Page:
Friday, November 8, 2013

Birth story!

I wasn't sure if I'd share Eleanor's birth story publicly, but I've decided to do so because I very much enjoyed reading others' posts on this topic when I was nine months pregnant (and SO nervous about labor and delivery). Also, I think putting this story online is a good way to preserve it for Ellie as the years go by. :)

It all started Friday night, October 4 (which happens to be my mom's birthday...she was sure her granddaughter would be born that day, I was just hoping it would be sooner rather than later as the days ticked past E's Oct. 2 due date). Brad and I went for a late dinner at The Great Dane in our neighborhood and I didn't have any inkling that things were about to get interesting. I had a tasty turkey club sandwich and some tomato bisque soup. I remember feeling so huge and being grateful we found a place to sit down near the bar while we waiting for our table.

When we got home, I started having some weak contractions. I wasn't sure if they were Braxton-Hicks or not, and in retrospect I wish I had just gone to bed and tried to sleep through this early labor. Instead, Brad and I both went out to the living room to see if anything would develop. The contractions were pretty far apart (like 15 minutes), and I told him he could get some sleep. But he said, "Nope, I'm a storm chaser," and settled in on the couch with me and some DVRed episodes of The Mentalist. The contractions started getting closer together. It's funny, I had been so nervous about what contractions would feel like, but at this point they were unpleasant but bearable and very similar to the BH contractions I'd been dealing with for weeks. I tried to do some breathing exercises and I also sat on the yoga ball to cope. I think I also used ice packs and took tylenol. I was anxious about labor starting at night and neither of us getting any sleep before Go Time, but I realized we had no control over it and to just have faith everything would be fine.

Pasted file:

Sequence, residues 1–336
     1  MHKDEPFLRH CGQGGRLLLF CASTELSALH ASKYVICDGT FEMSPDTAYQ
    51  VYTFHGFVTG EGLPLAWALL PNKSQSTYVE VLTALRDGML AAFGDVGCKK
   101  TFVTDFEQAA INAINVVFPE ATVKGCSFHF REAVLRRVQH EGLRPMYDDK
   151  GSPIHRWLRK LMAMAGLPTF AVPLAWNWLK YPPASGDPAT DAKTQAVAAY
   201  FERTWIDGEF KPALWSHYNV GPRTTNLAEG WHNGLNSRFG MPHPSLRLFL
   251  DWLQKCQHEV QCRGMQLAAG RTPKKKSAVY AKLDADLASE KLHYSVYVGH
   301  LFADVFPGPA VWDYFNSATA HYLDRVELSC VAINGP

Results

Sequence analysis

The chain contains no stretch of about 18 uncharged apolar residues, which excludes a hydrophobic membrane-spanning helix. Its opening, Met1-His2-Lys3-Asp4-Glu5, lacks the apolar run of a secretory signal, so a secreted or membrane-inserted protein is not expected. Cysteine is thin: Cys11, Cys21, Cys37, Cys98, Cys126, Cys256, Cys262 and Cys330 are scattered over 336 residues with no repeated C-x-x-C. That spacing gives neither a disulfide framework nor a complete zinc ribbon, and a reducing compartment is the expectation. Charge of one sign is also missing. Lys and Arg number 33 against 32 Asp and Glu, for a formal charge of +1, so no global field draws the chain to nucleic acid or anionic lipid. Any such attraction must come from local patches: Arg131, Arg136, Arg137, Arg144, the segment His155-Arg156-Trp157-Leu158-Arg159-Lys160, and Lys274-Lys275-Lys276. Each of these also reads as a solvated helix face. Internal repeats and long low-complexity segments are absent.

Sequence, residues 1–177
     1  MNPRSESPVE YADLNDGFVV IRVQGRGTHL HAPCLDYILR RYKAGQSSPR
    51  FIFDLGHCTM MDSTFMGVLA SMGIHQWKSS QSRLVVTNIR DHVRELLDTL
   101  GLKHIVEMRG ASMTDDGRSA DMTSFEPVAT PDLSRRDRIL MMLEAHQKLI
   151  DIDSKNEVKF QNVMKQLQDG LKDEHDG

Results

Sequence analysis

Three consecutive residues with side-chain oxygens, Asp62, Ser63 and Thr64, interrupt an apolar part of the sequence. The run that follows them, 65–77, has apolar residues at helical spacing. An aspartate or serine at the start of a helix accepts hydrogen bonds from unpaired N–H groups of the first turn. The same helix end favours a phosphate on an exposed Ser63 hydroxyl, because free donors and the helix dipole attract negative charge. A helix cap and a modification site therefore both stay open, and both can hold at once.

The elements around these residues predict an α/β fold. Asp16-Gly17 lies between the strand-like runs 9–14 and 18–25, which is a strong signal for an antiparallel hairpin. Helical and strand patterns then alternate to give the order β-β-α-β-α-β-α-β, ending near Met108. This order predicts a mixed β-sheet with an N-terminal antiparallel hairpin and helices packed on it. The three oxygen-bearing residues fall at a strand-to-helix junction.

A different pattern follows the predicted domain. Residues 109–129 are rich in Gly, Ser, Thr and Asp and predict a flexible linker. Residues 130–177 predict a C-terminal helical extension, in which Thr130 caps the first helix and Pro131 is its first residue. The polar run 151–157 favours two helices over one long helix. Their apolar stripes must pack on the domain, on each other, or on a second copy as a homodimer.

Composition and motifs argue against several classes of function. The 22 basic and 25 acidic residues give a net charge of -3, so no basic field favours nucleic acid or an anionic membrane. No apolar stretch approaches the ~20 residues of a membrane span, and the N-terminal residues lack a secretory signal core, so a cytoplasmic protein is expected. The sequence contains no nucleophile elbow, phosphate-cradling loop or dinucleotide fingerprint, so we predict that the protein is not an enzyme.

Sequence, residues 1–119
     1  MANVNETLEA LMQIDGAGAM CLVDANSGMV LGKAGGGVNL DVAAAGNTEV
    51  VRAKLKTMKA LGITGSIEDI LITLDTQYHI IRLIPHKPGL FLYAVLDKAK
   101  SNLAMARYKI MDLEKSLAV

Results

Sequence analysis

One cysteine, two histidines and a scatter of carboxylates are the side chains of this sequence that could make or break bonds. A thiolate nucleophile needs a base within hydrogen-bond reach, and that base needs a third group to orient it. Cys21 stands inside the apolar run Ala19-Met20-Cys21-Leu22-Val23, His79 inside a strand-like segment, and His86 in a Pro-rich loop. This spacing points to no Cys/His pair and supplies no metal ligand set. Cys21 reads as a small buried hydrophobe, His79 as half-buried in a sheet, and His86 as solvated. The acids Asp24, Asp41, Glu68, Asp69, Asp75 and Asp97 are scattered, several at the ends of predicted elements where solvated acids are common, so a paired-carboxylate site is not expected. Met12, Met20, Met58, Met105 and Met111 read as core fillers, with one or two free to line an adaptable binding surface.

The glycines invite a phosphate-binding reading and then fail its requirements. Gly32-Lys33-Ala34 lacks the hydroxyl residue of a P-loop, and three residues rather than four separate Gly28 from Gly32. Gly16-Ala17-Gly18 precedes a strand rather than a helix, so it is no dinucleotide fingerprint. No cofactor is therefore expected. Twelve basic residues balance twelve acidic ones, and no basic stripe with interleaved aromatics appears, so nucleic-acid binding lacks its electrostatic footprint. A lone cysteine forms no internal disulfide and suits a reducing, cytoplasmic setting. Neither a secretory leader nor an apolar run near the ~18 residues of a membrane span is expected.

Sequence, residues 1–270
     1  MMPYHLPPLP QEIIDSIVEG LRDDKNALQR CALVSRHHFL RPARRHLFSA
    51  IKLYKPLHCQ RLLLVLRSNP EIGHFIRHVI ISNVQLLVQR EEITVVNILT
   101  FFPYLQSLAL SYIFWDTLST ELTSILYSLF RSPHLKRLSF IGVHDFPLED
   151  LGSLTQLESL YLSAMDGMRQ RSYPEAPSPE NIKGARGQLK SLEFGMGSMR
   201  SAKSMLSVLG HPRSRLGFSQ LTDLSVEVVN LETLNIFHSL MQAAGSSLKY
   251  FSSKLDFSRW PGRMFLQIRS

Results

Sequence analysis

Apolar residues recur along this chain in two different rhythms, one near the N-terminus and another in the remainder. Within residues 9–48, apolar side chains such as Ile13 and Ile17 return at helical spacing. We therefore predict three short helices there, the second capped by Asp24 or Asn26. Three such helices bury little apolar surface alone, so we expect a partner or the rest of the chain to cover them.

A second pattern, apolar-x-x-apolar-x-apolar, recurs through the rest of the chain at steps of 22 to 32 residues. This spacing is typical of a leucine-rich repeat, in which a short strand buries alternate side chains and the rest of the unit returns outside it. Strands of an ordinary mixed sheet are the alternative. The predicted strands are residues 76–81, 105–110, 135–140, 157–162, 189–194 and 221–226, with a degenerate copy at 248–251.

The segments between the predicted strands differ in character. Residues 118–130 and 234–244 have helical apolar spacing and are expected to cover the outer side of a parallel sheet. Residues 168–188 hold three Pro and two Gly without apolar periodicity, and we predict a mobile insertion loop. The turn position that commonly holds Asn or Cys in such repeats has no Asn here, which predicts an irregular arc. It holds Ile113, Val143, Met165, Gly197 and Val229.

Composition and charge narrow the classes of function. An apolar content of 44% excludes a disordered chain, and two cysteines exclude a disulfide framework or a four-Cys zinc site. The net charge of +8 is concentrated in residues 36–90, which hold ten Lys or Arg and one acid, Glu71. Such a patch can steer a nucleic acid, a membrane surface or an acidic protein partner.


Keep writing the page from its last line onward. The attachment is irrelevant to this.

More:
We basically spent the whole night trying to decide when to go to the hospital (when it became obvious the contractions weren't stopping). My major fear was that we would wait too long and I'd have a very rough car ride, or difficulty during the part where they administer the epidural. A few people had mentioned it was possible to get to the hospital too late to receive the epidural and I was NOT going to let that happen to me. :) So, of course, we went in too soon.